U.S. Government Securities are guaranteed by the U.S. government and exempt from state and local income taxes, making them some of the safest you can purchase. But because of the near absence of default risk they offer lower interest rates than do corporate issues. Government issues are actively traded on the over-the-counter market after their initial sale to large investors through an auction conducted by the Treasury.
Issued at a discount and repaid at face value at final maturity, T-bills pay no interest. They have the shortest maturation of all government securities: 91, 182, or 364 days. $10,000 minimum face value investment.
Maturing in the range of two to ten years, T-notes yield a steady stream of interest. $1,000 minimum purchase; most notes are sold in $5,000 denominations.
Long-term government debt that bears interest, T-bonds generally mature in ten years or longer. Like T-notes, they come in denominations of $1,000, $5,000, $10,000, $100,000, and $1,000,000 and are popular with traders and institutional investors. They are highly sensitive to interest-rate movements.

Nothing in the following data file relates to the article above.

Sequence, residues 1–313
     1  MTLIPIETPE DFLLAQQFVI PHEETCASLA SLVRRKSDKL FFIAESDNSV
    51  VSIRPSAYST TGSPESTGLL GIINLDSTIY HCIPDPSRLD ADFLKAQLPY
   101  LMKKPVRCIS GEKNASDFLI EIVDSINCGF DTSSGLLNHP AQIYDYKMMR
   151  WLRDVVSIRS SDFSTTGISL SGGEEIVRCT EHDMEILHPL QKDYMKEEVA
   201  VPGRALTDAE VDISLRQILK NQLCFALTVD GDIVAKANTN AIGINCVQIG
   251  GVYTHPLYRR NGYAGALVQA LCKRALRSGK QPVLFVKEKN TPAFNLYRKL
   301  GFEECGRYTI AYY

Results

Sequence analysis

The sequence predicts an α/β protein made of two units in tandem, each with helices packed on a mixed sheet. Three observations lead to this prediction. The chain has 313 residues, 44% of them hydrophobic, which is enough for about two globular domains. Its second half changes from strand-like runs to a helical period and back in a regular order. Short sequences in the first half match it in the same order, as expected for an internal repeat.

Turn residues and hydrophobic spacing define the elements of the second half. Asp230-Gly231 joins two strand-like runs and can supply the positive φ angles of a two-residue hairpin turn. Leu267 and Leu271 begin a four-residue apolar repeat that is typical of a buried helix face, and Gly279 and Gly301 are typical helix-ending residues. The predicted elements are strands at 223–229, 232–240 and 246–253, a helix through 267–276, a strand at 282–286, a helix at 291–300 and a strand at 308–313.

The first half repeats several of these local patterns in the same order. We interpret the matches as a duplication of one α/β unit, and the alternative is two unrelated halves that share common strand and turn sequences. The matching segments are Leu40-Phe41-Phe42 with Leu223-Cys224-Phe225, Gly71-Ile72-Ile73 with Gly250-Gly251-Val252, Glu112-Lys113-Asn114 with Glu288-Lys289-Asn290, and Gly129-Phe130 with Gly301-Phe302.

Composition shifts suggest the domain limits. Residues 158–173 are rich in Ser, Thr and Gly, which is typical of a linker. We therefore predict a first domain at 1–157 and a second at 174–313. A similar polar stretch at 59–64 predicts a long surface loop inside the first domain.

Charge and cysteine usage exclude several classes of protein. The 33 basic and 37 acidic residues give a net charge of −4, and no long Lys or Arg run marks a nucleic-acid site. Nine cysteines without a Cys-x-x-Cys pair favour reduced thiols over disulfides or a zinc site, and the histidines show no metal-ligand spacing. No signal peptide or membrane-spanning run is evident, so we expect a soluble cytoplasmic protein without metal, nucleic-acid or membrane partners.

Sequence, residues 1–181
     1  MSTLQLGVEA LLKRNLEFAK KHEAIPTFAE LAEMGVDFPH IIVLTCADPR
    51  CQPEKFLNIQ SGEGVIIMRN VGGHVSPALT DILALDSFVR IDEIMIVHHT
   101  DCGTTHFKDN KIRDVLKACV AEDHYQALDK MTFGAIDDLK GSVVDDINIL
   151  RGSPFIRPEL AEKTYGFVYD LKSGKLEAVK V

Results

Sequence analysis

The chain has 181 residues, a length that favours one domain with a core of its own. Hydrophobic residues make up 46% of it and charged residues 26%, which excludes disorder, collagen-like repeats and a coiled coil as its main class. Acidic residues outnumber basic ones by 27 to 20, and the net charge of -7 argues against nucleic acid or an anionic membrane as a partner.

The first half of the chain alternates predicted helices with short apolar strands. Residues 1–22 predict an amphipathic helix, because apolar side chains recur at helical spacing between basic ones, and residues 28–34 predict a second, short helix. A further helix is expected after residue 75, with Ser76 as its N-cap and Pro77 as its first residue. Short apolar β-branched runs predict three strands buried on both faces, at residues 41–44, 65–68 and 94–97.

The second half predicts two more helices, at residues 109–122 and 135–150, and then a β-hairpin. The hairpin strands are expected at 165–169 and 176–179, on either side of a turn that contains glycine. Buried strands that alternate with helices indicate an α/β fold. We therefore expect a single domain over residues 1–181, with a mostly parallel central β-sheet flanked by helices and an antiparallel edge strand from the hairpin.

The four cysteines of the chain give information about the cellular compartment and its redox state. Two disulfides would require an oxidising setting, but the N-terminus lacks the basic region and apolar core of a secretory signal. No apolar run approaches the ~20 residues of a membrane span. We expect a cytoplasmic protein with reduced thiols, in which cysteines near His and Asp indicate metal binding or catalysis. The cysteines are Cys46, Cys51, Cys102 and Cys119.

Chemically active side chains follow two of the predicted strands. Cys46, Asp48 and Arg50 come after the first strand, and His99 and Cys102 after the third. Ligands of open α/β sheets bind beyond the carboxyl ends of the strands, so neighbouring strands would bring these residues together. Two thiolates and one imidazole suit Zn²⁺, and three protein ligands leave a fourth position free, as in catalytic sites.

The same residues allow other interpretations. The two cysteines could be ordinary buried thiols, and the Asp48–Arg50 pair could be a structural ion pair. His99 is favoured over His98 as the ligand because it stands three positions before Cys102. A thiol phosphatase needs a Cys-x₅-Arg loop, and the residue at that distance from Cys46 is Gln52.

Zero Coupon Government Bonds
Long-term government debt that bears interest, which is all paid in a lump sum at the end of the term. Similar to other zero coupon bonds but tax free.
This limited series of bonds (the last issue was in 1971) can be redeemed at the time of the holder's death for the payment of estate taxes.
U.S. Savings Bonds
Unlike Treasury bills, notes, and bonds, U.S. Savings Bonds cannot be traded in a secondary market. They are sold mostly to individual investors who buy them directly from the Treasury. The most popular variety of U.S. Savings Bond sells at a 50 percent discount from its face value and is entirely free of commissions.
Through the sale of securities, the U.S. government has created more than $200 billion in debt yearly since 1985. Daily volume in U.S. Treasury securities is up to $100 billion.
Federal Agency Issues
The federal government does not back all these issues, however it authorizes a variety of its agencies to issue debentures and notes to finance their operations. Among these agencies are:
- Federal Home Loan Mortgage (FHLMC or Freddie Mac)
- Export-Import Bank
- Tennessee Valley Authority
- U.S. Postal Service
- Federal Intermediate Credit Bank (FICB)
- Federal National Mortgage Association (FNMA or Fannie Mae)
- Government National Mortgage Association (GNMA or Ginnie Mae)
As a group, these securities offer a higher rate of interest than direct U.S. Treasury obligations, even though the majority are backed by the full faith and credit of the U.S. government. Certain issues are also exempt from state and local taxes.